clock menu more-arrow no yes mobile

Filed under:

Zendrive's Jonathan Matus Says Robot Cars Are Definitely in Your Future

And clogged freeways will be nothing but a charmingly retro memory.

Asa Mathat

In five years’ time, most city dwellers will commute via ride-sharing services or public transportation in the U.S., as the solo driver traversing the nation’s clogged freeways fades into the past.

That’s the prediction Zendrive co-founder and chief executive Jonathan Matus offered in remarks Wednesday at the Code/Mobile conference at The Ritz-Carlton in Half Moon Bay, Calif. He offered wide-ranging forecasts about the changes ahead for the automotive industry, including the growing demand for electric vehicles and the rise of autonomous cars.

It’s an area he knows well.

Matus and co-founder Pankaj Risbood launched Zendrive last year to capitalize on the rise of the ride- and car-sharing phenomenon. The San Francisco startup uses data to improve the driving experience, and it has attracted some big-name investors, including BMW i Ventures and Fontinalis Partners, the Detroit-based venture founded by Ford Motor Co. executive chairman Bill Ford.

One product, ZenFleets, collects data from the smartphones of drivers for ride-share, car-share and delivery services. It uses the phone’s sensors to detect the kind of activities that can lead to accidents, such as speeding, sharp accelerations, swerving and hard braking. It has already sold this data service to HipSkipDrive, a ride-sharing service for parents who need to ferry their kids to after-school activities, and RedCap, a car service.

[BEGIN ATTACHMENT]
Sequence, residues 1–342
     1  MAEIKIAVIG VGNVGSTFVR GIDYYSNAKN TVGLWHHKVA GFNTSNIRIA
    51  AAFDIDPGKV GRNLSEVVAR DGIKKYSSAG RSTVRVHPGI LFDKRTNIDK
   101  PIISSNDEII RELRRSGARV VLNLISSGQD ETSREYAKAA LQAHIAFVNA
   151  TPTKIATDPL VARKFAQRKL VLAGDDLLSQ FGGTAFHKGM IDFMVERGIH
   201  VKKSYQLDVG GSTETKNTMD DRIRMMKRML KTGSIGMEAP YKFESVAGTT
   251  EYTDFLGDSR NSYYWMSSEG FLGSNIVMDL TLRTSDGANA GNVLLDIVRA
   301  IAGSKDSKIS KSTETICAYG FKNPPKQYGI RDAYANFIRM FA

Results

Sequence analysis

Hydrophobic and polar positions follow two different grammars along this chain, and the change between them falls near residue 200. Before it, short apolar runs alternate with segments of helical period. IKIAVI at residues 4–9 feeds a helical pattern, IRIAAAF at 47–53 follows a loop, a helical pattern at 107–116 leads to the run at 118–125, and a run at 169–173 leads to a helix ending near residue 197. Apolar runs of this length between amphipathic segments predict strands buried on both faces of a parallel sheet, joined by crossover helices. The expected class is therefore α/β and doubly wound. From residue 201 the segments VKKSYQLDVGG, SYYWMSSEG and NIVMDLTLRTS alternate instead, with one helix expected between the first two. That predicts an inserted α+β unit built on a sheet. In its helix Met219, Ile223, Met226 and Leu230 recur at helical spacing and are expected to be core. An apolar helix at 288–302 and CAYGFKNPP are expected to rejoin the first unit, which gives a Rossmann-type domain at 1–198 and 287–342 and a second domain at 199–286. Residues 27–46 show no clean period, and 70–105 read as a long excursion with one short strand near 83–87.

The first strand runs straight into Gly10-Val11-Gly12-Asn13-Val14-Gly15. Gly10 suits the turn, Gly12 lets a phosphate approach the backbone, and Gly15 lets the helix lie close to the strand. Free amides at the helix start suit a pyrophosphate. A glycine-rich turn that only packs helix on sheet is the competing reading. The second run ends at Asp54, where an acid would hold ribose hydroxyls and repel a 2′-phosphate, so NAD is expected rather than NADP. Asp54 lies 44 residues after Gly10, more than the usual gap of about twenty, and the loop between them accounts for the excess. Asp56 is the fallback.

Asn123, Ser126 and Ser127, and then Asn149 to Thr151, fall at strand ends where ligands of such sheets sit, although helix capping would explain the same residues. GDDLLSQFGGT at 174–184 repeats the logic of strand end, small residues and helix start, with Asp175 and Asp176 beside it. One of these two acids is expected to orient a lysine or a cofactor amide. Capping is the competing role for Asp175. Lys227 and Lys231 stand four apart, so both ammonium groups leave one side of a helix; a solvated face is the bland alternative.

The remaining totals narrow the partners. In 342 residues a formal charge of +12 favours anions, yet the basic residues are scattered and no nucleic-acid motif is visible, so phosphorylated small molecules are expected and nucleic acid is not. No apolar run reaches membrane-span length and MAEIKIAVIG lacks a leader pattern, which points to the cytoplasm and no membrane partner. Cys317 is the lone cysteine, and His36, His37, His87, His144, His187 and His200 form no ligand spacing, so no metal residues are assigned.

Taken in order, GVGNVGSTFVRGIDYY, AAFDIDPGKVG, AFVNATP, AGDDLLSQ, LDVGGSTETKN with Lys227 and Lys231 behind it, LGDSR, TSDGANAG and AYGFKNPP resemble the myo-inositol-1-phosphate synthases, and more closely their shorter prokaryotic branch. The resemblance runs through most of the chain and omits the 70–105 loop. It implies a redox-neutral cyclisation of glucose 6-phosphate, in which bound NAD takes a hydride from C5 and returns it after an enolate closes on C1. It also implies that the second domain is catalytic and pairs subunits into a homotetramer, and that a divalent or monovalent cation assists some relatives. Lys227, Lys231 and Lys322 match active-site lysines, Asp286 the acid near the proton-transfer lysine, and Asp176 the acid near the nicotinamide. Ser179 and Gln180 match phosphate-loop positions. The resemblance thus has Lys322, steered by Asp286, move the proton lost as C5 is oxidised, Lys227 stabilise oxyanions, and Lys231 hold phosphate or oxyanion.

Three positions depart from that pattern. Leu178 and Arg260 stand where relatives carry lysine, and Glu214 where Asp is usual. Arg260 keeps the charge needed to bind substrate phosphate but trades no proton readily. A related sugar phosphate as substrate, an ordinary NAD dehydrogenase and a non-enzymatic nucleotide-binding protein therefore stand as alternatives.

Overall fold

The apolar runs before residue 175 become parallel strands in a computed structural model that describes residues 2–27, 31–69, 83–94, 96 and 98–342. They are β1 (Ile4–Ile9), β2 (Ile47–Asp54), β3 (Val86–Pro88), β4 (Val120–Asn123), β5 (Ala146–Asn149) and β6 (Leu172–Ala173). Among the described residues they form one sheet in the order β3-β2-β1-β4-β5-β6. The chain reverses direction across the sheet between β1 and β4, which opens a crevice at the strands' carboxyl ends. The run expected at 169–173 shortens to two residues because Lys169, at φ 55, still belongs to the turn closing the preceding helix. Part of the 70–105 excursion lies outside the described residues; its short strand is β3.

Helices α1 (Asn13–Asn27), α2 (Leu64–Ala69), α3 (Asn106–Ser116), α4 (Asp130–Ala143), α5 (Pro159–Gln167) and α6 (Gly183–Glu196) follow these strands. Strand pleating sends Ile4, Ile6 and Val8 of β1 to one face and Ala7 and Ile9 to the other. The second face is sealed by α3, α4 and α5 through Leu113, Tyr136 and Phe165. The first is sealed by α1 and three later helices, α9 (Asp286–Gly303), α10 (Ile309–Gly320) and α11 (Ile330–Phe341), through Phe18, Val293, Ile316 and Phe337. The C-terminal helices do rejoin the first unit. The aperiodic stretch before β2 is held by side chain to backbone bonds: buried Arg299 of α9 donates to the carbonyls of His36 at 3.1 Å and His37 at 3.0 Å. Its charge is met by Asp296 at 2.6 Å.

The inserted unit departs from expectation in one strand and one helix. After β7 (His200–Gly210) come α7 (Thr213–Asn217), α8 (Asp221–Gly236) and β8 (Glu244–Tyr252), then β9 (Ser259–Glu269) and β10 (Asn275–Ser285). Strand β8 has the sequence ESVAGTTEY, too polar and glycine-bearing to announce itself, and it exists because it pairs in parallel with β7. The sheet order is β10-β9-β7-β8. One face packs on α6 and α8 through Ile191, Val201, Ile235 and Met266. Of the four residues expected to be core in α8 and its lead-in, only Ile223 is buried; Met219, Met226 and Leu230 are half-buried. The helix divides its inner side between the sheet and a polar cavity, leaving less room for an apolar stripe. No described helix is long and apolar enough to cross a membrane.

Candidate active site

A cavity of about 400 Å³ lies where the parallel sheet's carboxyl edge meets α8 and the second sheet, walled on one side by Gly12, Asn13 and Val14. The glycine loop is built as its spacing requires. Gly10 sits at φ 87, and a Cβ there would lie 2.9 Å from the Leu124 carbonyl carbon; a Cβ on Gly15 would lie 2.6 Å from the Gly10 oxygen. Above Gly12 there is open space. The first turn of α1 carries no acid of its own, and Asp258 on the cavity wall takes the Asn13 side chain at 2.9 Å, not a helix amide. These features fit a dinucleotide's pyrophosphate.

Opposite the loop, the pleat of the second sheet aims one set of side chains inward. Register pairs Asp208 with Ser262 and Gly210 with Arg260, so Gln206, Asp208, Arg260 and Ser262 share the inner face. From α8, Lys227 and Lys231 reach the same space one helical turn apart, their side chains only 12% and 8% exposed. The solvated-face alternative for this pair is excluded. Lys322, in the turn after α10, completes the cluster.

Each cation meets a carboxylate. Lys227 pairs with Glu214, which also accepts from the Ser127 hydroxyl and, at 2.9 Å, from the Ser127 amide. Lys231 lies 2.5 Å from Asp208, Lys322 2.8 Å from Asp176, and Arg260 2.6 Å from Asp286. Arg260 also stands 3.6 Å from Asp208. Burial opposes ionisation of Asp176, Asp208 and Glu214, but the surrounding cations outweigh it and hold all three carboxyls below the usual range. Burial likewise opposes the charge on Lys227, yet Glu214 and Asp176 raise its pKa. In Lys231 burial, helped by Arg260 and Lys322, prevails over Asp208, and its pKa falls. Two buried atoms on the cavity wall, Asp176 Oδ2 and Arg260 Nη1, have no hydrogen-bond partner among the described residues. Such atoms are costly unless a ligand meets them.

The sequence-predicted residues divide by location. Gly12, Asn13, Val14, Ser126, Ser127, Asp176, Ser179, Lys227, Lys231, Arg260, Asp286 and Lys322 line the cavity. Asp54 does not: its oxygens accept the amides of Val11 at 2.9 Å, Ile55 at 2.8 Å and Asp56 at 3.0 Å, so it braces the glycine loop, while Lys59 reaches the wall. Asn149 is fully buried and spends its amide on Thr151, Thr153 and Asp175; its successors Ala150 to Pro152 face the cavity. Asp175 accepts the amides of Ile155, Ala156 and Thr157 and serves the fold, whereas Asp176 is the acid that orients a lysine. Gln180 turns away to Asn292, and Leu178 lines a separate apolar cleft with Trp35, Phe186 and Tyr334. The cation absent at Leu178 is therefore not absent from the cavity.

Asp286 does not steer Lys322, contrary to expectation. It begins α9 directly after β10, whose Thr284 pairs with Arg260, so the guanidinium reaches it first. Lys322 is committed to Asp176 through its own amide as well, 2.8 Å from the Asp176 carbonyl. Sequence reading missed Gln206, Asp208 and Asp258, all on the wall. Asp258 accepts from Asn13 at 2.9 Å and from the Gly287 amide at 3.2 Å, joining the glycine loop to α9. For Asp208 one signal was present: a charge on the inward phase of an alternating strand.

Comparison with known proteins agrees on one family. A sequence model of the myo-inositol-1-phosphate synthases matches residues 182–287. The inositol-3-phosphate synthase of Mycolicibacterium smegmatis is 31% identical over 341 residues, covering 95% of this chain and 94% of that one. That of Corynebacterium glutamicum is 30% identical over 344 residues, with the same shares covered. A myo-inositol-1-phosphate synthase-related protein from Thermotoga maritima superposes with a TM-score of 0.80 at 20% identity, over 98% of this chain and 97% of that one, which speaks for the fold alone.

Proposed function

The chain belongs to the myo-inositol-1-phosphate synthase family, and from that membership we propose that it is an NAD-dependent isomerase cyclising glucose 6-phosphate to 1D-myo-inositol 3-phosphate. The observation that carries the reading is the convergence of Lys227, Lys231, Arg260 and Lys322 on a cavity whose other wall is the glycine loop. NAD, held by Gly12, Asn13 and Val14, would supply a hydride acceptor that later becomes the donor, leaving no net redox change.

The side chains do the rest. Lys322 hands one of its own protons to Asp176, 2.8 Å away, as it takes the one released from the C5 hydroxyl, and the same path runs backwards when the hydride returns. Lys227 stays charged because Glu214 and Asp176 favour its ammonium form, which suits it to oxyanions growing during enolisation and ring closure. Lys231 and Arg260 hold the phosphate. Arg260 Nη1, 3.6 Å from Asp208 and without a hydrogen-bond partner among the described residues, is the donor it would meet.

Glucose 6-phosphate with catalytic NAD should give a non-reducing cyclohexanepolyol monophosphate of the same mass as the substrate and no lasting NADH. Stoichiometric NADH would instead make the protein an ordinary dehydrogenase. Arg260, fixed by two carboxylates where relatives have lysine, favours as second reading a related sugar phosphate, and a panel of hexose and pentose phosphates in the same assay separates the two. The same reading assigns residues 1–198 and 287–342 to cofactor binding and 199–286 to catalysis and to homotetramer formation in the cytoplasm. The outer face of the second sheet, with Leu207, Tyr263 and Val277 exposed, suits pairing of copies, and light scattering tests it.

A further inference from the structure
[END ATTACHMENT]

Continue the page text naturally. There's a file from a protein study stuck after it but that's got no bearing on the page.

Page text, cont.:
Another product, Zendrive Automatic Accident Detection, automatically alerts family members or emergency services in the event of an accident.

This transformational shift away from personal vehicle ownership to on-demand services like Uber and Lyft is fueled by the smartphone.

“Thanks to the on-demand economy and thanks to these [ride-sharing] services, people like myself who live in big cities don’t need to own a car,” said Matus. “I don’t need a big piece of metal that costs $50,000.”

Matus says autonomous cars are definitely moving down the road — though it seems likely that services such as Uber will acquire these expensive vehicles, rather than individual investors. In Tokyo, taxi operators have promised to bring such self-driving robot vehicles to the city by 2020.

Meanwhile, Elon Musk’s Tesla Motors has demonstrated that electric vehicles can be just as good as those powered by internal combustion engines. But work still needs to be done to replace the lithium ion battery, which is too big and bulky, and takes too long to charge, he said.

This article originally appeared on

Sign up for the newsletter Sign up for Vox Recommends

Get curated picks of the best Vox journalism to read, watch, and listen to every week, from our editors.